Sometimes insights and connections take me by surprise. One morning while writing in my journal, a single line from the Gospel came to me: “Son of David, have mercy on me.” That one line stirred something in me, and it drew me to the story of the blind beggar outside of Jericho. (Luke 18: 35-43) Then, one story led to another, and I began a journey through the healing stories of Jesus. That journey revealed my own deep need for healing and some helpful wisdom for how to respond to that need.
The blind man is begging by the side of the road when he hears a crowd going by. He asks what is happening, and they tell him: “Jesus of Nazareth is passing by.” The man shouts: “Jesus, Son of David, have mercy on me.” When the crowd tries to silence him, he shouts all the louder.
Jesus stops, orders the man brought to him, and asks him a simple question: “What do you want me to do for you?” The man responds: “Lord, let me see again.” Jesus says to him: “Receive your sight, your faith has saved you.” The healing is immediate, and the man follows Jesus glorifying God. The crowd that witnesses the healing also glorifies God.
A pattern emerges in this story, and its themes recur in a number of other stories that describe Jesus’ healing ministry. Grasping the pattern encourages us to recognize our own wounds and brokenness. It also urges us to open ourselves to the healing power of God.
The first element in the pattern is acknowledging need. The story centers on the man’s need: he is blind, and his blindness has reduced him to being a beggar. The depth of that need compels him to shout to Jesus and to keep shouting even though the crowd attempts to silence him. He is desperate for healing, sees his chance, and refuses to give up. This theme surfaces in other stories – such as the lepers Jesus encounters who also cry out to him: “Jesus, Master, have mercy on us!” (Luke 17: 11-19)
Like the blind man and the lepers, acknowledging our need opens us to the power of God. Years ago in a scripture class, Dr. Charlene McCarthy put it succinctly: “When we acknowledge our humanness, we let God be God.” Admitting our needs and weakness is a powerful acknowledgement of our humanness. By owning up to our wounds and brokenness, we open ourselves to the healing power of God.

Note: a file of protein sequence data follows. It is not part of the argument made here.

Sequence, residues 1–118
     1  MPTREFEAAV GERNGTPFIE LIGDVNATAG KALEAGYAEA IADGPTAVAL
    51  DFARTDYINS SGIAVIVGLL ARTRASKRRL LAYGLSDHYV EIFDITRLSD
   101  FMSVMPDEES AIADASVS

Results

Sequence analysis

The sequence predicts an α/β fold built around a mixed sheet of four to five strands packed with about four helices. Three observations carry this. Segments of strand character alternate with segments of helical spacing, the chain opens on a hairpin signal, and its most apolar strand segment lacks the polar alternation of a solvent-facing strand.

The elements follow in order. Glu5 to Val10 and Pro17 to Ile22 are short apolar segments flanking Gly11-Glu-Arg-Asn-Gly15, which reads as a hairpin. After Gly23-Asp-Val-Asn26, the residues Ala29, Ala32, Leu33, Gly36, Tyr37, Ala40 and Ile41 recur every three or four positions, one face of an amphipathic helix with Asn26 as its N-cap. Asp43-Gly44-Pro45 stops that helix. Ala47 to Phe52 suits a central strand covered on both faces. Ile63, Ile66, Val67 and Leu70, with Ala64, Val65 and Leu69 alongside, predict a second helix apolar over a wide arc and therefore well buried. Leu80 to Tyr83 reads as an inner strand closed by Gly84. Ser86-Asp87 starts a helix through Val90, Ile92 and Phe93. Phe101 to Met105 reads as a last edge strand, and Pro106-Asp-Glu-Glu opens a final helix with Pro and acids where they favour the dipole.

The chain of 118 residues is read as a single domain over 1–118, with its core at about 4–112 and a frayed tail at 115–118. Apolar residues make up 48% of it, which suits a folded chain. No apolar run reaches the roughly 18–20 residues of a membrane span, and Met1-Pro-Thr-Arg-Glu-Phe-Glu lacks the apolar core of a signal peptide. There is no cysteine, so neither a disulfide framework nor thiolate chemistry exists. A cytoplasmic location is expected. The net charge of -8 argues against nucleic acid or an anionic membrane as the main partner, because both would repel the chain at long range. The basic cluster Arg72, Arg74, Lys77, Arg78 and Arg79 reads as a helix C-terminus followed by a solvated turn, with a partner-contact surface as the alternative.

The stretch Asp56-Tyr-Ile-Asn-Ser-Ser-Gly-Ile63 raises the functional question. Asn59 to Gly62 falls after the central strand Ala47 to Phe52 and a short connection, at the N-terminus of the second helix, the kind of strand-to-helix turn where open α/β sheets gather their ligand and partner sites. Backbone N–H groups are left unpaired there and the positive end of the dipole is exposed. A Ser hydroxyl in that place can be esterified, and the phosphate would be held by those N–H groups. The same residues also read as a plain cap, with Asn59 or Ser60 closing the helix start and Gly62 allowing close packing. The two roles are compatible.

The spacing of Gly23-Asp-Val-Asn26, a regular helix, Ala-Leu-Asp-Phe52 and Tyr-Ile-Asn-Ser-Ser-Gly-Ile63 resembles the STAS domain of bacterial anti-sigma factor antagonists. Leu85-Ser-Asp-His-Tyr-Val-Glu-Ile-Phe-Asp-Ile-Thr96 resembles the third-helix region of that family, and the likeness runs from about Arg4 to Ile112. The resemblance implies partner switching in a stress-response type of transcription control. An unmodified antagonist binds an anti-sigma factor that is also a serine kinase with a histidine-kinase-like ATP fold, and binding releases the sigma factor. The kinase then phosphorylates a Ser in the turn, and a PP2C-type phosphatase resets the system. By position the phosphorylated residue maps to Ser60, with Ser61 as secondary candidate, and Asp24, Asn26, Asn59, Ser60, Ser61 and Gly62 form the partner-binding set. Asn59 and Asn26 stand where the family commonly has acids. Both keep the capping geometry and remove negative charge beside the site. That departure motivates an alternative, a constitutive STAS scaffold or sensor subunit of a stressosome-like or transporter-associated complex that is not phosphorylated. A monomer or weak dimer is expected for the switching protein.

The second element in the story is asking for healing. When the blind man comes face-to-face with Jesus, his need is obvious. It leads to a simple, direct request: “Lord, let me see again.” There is no subtlety or ambiguity in his request. He doesn’t argue that he deserves to be healed. He’s not bargaining. There is no promise of what he will do in return. The man’s request is simply a desperate plea.
The blind man’s request for healing models prayerful humility. It reveals the power of directness and simplicity in asking God for what we need. There is little need for words; the man’s need is obvious. When we enter into prayer, God knows what we need before we ask. There is no need to clutter our prayer with words, arguments, bargaining, and promises. The simplicity of the blind man’s direct request shows us a better way.
The next element of the pattern is more subtle, but it is critically important. The blind man has complete confidence that Jesus is able to heal him. He has a deep trust that Jesus embodies the healing power of God. It is not a question of whether Jesus has the power to heal him. The only question is whether Jesus will use that power to do so.